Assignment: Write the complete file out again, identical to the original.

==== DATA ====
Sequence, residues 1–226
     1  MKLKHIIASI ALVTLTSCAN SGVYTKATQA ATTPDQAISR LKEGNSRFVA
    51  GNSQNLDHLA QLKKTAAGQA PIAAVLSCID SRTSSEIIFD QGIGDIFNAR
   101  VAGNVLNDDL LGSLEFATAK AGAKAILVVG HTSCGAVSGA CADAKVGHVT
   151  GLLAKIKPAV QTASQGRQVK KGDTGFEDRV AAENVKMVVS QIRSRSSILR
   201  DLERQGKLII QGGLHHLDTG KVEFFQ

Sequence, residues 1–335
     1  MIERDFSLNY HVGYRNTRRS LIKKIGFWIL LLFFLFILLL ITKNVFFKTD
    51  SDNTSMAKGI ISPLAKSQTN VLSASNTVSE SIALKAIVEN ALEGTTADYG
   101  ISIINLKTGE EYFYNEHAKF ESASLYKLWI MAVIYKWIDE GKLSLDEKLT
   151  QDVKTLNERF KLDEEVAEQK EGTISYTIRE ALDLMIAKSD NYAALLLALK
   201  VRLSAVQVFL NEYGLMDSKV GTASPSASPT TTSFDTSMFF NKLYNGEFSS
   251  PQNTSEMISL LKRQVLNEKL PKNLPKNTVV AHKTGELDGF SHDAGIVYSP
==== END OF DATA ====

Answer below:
Sequence, residues 1–226
     1  MKLKHIIASI ALVTLTSCAN SGVYTKATQA ATTPDQAISR LKEGNSRFVA
    51  GNSQNLDHLA QLKKTAAGQA PIAAVLSCID SRTSSEIIFD QGIGDIFNAR
   101  VAGNVLNDDL LGSLEFATAK AGAKAILVVG HTSCGAVSGA CADAKVGHVT
   151  GLLAKIKPAV QTASQGRQVK KGDTGFEDRV AAENVKMVVS QIRSRSSILR
   201  DLERQGKLII QGGLHHLDTG KVEFFQ

Sequence, residues 1–335
     1  MIERDFSLNY HVGYRNTRRS LIKKIGFWIL LLFFLFILLL ITKNVFFKTD
    51  SDNTSMAKGI ISPLAKSQTN VLSASNTVSE SIALKAIVEN ALEGTTADYG
   101  ISIINLKTGE EYFYNEHAKF ESASLYKLWI MAVIYKWIDE GKLSLDEKLT
   151  QDVKTLNERF KLDEEVAEQK EGTISYTIRE ALDLMIAKSD NYAALLLALK
   201  VRLSAVQVFL NEYGLMDSKV GTASPSASPT TTSFDTSMFF NKLYNGEFSS
   251  PQNTSEMISL LKRQVLNEKL PKNLPKNTVV AHKTGELDGF SHDAGIVYSP